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Electronics Recycling Laws in Oregon Legislature


A story in today’s Oregonian, “Proposed state electronics law targets landfills,” reminded me of a virtual reference request I had some time ago (very early in this current Oregon legislative session). I’m not sure you want to plow through my answer (a bit longer than my average blog posting), but if you are so inclined, here it is. (And you’ll also get to see how tricky virtual reference (VR) is, when you don’t have a person in front of you. (VR can make it a lot harder on both the librarian and on the person asking the question. The risk is great that they can get a lot more or a lot less of what they really want and need.)

This VR library patron asked if there was an Oregon equivalent to European RoHS laws:

“A quick search in the Oregon statutes doesn’t reveal one, but deeper research is needed before determining if the answer is yes or no. In real life, the answer to a specific legal question is often “it depends” or “sort of” or variations on those. There may also be legislation in the pipeline (see e.g. 2007 House Bill 2395, in the Oregon Legislature). Would this be of use to you?

But, before proceeding much further, let’s make sure we are talking about the same legislation.

If you are talking about EU Directive 2002/95/EC On the Restriction of the Use of Certain Hazardous Substances in Electrical and Electronic Equipment (and on EU Directive 2002/96/EC), notice that it is a Directive, not a law. Directives under European Union law have a different purpose and effect than regulations. That said, it is a Directive on a matter that has worldwide impact. In fact, it appears that California has adopted regulations that bear some resemblance to this EU Directive and other U.S. states may have as well. The U.S. Congress and the EPA may also be considering such legislation. And, although it is possible that even if Oregon doesn’t have its own laws on RoHS, Oregon businesses may still want to (an in some cases have to if they do business in Europe) comply with the RoHS directive in place in any of the EU countries that have adopted it. (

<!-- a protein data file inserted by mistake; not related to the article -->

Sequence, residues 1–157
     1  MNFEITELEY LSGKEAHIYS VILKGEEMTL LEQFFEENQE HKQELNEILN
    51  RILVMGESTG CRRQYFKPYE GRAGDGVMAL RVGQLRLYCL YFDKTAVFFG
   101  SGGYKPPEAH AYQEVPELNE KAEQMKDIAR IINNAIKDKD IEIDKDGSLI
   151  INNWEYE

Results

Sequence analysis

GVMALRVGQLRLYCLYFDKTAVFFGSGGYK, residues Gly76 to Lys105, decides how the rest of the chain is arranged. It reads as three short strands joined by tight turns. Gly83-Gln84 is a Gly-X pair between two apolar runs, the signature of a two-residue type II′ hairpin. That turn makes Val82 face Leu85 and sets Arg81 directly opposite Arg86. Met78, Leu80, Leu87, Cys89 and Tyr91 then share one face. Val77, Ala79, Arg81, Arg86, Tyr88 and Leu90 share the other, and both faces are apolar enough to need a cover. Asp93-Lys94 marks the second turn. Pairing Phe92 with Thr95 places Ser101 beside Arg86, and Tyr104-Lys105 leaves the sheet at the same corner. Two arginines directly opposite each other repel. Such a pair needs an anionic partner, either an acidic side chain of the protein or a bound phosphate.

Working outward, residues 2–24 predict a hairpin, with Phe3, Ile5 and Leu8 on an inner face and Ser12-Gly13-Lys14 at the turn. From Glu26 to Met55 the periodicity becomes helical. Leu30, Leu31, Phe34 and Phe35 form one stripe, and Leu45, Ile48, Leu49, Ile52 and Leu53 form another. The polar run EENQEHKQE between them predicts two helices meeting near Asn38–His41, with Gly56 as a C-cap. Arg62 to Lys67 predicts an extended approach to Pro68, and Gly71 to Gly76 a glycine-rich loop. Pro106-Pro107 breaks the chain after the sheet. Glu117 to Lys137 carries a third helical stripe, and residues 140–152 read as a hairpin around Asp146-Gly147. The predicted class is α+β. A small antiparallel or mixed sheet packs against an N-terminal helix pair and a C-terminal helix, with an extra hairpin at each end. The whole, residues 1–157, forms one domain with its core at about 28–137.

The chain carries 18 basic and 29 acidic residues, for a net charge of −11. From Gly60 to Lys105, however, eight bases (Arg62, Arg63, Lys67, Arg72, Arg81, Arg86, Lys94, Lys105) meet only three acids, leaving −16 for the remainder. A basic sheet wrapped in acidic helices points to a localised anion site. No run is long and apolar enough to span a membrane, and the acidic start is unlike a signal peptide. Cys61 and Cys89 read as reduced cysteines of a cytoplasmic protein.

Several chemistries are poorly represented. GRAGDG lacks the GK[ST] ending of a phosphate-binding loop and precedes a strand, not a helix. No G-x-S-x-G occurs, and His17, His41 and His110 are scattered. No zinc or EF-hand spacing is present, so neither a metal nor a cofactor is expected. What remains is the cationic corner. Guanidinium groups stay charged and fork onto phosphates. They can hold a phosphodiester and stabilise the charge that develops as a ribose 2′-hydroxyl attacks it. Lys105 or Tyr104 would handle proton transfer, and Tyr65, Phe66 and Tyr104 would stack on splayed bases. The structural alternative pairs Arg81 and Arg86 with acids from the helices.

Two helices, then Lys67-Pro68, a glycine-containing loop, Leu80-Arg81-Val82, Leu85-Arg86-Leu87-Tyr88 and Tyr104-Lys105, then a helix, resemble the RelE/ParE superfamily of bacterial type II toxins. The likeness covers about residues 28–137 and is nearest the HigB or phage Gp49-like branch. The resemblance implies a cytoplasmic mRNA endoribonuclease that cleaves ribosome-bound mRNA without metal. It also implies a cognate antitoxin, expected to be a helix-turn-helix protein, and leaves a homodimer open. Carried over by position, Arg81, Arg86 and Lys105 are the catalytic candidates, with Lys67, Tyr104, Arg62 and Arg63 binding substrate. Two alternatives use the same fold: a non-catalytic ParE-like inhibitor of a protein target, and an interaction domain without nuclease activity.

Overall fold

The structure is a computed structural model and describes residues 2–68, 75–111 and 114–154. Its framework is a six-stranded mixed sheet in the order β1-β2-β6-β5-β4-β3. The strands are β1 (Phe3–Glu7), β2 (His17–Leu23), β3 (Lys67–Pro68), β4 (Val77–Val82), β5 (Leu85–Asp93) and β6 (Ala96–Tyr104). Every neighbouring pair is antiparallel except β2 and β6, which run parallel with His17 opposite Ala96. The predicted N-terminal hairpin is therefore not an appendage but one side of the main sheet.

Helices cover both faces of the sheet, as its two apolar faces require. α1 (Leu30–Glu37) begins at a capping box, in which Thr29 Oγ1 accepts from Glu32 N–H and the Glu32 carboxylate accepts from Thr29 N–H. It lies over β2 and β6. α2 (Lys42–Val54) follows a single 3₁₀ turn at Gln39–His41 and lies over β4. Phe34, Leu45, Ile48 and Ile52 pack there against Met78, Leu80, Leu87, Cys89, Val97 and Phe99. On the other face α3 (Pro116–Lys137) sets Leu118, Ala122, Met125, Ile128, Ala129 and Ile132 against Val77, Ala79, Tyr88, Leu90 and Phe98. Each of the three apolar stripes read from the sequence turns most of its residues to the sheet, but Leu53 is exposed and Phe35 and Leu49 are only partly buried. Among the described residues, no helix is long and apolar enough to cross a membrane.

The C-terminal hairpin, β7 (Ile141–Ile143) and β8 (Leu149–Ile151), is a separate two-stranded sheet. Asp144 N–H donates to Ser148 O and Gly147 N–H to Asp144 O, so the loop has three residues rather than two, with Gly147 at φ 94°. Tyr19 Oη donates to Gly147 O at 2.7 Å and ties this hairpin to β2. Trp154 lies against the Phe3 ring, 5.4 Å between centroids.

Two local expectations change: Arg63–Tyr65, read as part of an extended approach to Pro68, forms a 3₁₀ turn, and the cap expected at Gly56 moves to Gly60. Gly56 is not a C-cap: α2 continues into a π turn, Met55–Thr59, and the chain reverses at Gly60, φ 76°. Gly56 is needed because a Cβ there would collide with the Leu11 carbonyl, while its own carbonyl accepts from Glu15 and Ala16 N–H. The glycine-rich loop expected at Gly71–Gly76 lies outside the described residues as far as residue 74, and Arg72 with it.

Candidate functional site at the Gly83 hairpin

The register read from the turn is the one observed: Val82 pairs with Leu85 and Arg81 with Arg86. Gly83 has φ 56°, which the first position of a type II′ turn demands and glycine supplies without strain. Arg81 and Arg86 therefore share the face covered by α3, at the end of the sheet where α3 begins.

Comparing different country’s laws, and trying to find equivalents, can be frustrating at best. Differences in terminology, legal references, legislative history, and government structure, not to mention differences in language and spelling, make it very difficult to find similar laws. This is not to say one cannot find similar laws, but you may need to learn more about how statutory language differs from country to country. You might find it helpful to look at the California regulation just promulgated in December to find language that is being used in the United States for this type of legislation: (

As for whether or not Oregon has a law or a regulation that serves a similar purpose, if you are not in a rush and are willing to delve into the intricacies of state environmental and hazardous waste statutes and regulations, you may find an answer (which may very well be no) yourself. However, as a researcher myself, I recommend that you both research the subject yourself in the Oregon Revised Statutes ( and in the Oregon Administrative Code ( AND contact those state regulatory agencies that could assist you. I recommend you contact those government agencies that regulate hazardous substances or international trade. I would start with these:

Oregon Department of Environmental Quality (
Western Regional Hazardous Substances Research Center (
Oregon Economic and Community Development Department (

You might also want to contact your elected state for federal Representatives and Senators to find out if any legislation is being considered this legislative session in Oregon or in the U.S. Congress. You can find contact information for both your state and federal elected representatives here: . It appears as if there may have been one proposed in 2005 ( but you would need to check to find out one has been proposed this legislative session.”

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